During recruitment, your chapter should hold sufficient opportunities to meet all potential new members. Through these interactions, brothers should get to know the potential new members well enough to understand their intentions for joining and if they will uphold the values of our fraternity.
It is important to remember that individuals joining our organization do not need to have all the qualities of a strong member to start, but merely the desire and drive to becoming a principled business leader. The path to principled business leadership does not end when you complete the pledge process. The quality of membership stems from the ability of chapters to provide continual learning and growth opportunities throughout the entire membership experience. As always, a chapter should not offer bids to individuals which they are not confident will positively represent the fraternity, but those individuals who demonstrate the qualities we aspire to be as brothers of Alpha Kappa Psi.
How are rituals utilized in the program?
During the program, pledges go through a number of fraternity rituals based in fraternity history and practice professional development skills gained from the pledge program. The first ritual, Induction, signifies pledges have been accepted into the pledge program. About half-way through the program, pledges go through the Mid-Term Interview. This is a professional interview that allows pledges the ability to practice interviewing skills in a low-stress environment, and be provided with feedback on their performances. The Court of Honor Presentation is the last ritual prior to Initiation where the pledge class is split into groups to provide a reflective presentation on their experiences in the pledge program.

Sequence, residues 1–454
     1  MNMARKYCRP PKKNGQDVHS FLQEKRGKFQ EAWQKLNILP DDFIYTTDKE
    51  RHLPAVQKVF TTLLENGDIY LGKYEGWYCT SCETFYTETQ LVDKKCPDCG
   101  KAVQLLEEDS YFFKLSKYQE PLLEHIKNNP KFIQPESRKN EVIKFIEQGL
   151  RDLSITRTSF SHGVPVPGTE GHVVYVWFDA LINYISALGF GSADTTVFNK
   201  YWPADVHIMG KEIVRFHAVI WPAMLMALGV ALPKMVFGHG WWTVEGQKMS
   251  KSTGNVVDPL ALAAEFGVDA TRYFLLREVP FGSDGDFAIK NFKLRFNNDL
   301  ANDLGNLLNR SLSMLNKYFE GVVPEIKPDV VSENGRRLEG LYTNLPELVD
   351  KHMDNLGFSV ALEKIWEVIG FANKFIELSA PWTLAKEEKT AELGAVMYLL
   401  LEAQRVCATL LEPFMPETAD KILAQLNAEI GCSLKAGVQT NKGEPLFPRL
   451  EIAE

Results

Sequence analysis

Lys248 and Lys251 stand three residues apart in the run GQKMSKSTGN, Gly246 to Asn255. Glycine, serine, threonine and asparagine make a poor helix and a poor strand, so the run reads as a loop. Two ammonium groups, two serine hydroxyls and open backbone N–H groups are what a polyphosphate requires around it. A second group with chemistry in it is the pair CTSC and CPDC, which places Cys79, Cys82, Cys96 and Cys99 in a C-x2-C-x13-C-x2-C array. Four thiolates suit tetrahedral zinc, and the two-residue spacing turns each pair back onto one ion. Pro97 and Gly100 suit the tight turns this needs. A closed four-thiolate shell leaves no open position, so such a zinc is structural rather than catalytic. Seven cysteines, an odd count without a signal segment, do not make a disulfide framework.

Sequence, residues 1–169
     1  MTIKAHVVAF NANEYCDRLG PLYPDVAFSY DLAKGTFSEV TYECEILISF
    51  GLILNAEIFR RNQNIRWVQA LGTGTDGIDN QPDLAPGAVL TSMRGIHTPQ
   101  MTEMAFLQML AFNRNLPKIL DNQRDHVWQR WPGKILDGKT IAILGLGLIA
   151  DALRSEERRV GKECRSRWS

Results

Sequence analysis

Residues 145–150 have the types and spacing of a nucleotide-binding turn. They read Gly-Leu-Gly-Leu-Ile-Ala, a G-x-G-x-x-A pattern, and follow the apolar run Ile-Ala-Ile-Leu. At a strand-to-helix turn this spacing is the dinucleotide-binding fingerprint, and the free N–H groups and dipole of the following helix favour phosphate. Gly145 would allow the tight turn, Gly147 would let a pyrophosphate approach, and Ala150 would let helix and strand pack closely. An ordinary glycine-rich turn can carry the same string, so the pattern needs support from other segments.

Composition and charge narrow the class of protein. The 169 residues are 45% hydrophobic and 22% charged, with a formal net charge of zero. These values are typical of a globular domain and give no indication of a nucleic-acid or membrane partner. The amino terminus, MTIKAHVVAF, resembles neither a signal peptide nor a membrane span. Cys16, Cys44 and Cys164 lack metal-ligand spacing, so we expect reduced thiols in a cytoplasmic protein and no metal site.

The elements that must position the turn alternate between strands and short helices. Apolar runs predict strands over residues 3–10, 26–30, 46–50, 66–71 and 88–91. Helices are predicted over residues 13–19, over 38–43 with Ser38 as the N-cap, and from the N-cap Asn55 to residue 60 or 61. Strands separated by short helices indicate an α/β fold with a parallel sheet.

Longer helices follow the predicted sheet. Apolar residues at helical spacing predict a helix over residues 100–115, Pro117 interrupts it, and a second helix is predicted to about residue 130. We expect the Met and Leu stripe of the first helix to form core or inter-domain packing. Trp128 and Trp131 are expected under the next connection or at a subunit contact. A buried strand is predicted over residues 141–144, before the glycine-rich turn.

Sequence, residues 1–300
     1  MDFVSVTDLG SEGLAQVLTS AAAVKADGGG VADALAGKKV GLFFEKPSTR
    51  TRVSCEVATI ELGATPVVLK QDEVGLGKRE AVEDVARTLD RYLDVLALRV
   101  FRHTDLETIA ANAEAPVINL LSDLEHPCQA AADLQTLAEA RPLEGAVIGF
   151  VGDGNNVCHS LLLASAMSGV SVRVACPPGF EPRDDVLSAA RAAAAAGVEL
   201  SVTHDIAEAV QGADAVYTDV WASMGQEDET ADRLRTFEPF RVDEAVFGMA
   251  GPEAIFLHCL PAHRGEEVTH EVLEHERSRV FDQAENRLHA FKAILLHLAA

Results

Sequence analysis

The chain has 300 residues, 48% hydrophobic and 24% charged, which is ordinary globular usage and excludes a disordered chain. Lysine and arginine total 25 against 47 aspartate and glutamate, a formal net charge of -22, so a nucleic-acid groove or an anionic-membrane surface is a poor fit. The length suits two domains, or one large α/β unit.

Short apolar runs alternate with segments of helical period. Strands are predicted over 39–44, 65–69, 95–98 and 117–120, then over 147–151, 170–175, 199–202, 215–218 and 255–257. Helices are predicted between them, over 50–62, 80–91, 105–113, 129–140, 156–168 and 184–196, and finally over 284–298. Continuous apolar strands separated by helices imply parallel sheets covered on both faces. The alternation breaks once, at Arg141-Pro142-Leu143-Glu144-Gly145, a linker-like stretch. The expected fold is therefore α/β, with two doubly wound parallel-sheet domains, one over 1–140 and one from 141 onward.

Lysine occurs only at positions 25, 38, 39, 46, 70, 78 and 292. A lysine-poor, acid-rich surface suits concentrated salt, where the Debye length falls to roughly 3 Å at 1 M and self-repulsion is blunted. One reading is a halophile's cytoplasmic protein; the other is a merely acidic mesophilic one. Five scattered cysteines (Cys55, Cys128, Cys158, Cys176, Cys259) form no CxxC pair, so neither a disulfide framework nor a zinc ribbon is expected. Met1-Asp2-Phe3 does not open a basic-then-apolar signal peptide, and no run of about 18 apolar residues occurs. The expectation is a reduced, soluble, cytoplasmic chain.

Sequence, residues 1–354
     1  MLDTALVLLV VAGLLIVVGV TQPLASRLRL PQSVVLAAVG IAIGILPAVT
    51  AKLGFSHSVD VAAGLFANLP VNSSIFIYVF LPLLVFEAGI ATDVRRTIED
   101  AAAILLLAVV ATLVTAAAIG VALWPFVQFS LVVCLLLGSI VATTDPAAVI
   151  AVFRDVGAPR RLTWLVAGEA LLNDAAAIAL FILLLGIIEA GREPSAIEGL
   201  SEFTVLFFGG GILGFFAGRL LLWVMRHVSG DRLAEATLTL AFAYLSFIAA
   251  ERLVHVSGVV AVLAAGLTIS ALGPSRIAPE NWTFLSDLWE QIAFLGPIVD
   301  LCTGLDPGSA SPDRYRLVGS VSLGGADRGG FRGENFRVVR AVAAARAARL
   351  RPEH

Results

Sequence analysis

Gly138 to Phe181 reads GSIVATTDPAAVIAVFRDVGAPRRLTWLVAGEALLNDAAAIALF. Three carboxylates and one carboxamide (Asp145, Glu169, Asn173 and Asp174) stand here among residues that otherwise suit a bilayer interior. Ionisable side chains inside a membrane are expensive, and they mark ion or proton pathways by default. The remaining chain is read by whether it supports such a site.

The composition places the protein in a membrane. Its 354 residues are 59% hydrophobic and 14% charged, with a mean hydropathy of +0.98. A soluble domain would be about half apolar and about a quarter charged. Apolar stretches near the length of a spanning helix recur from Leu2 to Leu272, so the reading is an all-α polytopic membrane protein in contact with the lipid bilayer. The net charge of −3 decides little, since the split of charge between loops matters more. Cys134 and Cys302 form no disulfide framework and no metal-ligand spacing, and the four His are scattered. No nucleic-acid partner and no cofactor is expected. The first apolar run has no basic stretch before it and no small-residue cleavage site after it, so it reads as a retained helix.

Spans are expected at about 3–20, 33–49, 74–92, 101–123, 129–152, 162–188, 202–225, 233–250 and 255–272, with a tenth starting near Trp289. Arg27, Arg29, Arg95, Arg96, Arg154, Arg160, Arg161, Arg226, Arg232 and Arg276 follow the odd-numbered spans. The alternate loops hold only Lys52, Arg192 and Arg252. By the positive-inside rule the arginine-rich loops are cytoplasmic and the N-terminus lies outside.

What leadership opportunities exist in the program for the pledges?
Pledges can take leadership opportunities through project lead roles. Certain elective options require a number of project leads, and additionally each group for the Court of Honor presentation requires a project lead. Therefore, the number of leadership roles available depends on the size of the pledge class and elective options selected by the chapter.
What opportunities exist for members to engage in the pledge program?
Each pledge will be assigned a big brother to serve as their mentor throughout the program. Members in good standing who have the time commitment to serve as a role model and guide throughout the process can fulfill this role. There are specific points throughout the process where Big/Little pairs are expected to meet, but beyond that relationships can be determined by each individual pair. There is no expectation that gifts are provided to either big brothers or little brothers at any point in the process, but can be given if desired.